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Hakka Folktale Songs
Hakka Folk Songs
Chinese have old and established terms for songs and other rhymed
literature. It is hard to find folk songs from other ethnic groups in
China, but the Hakka seem to be the exception. Indded, the Hakka are
famous everywhere for their love of singing. Most famous are their
"Mountain Songs" (shan ko) which are traditional in melody and in
structure, but can be newly created at any time. Every year, there are
folk songs competitions among the Hakka in Taiwan which attract many
poetsand listeners. But apart from these traditional Mountain Songs, the
Hakka also like to sing standard folk songs.
Hakka singing is a group affair and it is most widely spread in compact
rural settlements and not so popular in cities in which Hakka live
together with other ethnic groups.
(It will be interesting if some one could translate the following
folk songs into Hakka dialect.)
"The moon is shining,
the hsiu-ts'ai rides on a white horse
over the lotus dike.
On the lotus dike
he plants leek
when the leek is in blossom
he will marry"
NOTE: hsiu-ts'ai= a graduate from the old examination system
The moon is shining.
On the back of the pine tree (forest?)
the goose carries water,
the duck washes vegetables,
the cook grinds grain,
the dog steps in the pestle
the fox makes fire,
the cat fries food,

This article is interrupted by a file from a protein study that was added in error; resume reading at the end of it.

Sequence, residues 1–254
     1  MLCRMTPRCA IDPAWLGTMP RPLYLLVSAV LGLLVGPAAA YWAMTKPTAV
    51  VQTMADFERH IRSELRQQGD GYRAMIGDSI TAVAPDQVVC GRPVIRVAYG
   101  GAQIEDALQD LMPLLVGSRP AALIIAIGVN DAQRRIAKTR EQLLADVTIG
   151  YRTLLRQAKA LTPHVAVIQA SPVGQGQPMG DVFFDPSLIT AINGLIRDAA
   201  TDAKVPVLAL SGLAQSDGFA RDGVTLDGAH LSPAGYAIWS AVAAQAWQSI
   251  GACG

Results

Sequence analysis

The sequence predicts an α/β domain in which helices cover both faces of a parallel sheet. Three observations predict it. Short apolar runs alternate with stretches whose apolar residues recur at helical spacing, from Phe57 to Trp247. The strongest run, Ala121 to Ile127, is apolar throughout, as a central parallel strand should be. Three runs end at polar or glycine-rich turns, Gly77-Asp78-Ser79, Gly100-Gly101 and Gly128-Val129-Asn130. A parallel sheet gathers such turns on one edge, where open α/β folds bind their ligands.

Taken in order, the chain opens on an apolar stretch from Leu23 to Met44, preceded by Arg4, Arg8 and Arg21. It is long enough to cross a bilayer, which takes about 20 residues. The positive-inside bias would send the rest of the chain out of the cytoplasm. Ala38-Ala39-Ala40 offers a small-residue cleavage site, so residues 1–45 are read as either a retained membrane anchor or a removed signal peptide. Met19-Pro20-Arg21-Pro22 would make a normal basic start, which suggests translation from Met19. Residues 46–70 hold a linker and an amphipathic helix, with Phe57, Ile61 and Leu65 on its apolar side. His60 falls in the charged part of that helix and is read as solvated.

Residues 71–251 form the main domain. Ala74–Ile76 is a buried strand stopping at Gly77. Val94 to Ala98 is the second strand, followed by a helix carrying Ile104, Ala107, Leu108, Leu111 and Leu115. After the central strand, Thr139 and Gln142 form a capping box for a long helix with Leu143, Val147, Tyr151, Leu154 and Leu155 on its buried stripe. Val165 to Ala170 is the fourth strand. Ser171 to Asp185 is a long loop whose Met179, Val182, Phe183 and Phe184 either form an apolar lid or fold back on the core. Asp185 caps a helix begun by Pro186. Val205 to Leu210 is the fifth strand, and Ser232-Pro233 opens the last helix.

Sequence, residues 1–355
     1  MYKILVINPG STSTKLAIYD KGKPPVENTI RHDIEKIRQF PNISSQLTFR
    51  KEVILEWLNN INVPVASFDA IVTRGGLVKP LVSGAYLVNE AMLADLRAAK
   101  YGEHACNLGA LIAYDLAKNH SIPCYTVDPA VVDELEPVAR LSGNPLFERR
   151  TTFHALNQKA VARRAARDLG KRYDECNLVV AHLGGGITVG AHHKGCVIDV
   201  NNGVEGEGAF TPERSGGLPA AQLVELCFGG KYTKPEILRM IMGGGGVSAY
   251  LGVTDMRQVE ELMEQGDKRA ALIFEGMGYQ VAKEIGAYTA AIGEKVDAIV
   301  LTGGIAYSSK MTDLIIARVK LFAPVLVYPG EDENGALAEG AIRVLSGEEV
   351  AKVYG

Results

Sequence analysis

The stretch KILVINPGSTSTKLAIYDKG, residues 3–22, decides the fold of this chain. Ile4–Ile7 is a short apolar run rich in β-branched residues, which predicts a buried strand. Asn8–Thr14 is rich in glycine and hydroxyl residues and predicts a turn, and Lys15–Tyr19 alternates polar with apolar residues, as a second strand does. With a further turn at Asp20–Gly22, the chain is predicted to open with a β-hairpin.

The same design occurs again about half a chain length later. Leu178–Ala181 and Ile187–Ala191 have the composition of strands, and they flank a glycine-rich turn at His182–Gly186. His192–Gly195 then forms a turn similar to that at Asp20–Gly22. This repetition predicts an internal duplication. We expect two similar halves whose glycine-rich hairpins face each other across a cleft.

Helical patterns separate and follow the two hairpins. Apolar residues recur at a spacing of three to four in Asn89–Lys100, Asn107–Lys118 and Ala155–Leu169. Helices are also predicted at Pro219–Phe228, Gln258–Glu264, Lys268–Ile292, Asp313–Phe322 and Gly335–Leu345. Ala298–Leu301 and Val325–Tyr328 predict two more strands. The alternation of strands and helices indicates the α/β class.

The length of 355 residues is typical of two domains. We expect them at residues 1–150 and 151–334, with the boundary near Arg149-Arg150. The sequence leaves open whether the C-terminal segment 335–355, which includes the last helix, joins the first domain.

the tiger goes into the mountain,
(and) drags down firewood;
the hen cares for the house,
carries home my little sister."
The moon is shining,
it is time to plant ginger.
The ginger gets eyes,
it's good to plant bamboo.
The bamboo grows sprouts,
it's time to plant cane.
The cane grows high,
the children drag on towards school.
Grandfather curses (them),
curses so that his beard gets all disorderly.
Grand mothe scolds (them),
so that her face is all swollen.
The moon is shining, / it's time to plant ginger.
The ginger grows eyes, / it's time to plant bamboo.
The bamboo grows flowers, / it's time to plant melons.
The melons aren't yet big, / he picks and sells them.
Sells them for two dollars.
(He) learns to whip up cotton, / (but) the tread breaks.
(He) learns to make bricks, / (but) the bricks break to pieces.
(He) learns to forge iron,/ (but) the iron gets black.
(He) learns to kill a pig, / the pig can run away.
(He) learns to kill a dog, / the dog can bite.
(He) learns to kill a cat, / the cat can whirl around.
(He) learns to kill a bird, / the bird can fly away.
(He) leans to kill a turtle, / the turtle can crawl.
(He) leans to kill a goose, / the goose shakes its wings.
Firefly (ying2 huo3 chong2)
Firefly / chirping, chirping insect.
Every night, / turns on its lantern.
The lantern shines, / lights all up.
All is dark, falls into ditch.
In the ditch is a needle.
I take it, give it to Kuan-yin.
Kuan-yin smiles lightly.
(I) throw the oracle beans.
they separate in falling.
Protect my old loved one (i.e., mother)
The beans fall down with noise.
Protect my old uncle.
The beans stand upside.
Protect my wife.
Studies In Hakka Folktales
by Wolfram Eberhard
edited by Professor Lau Tsu-k'ang.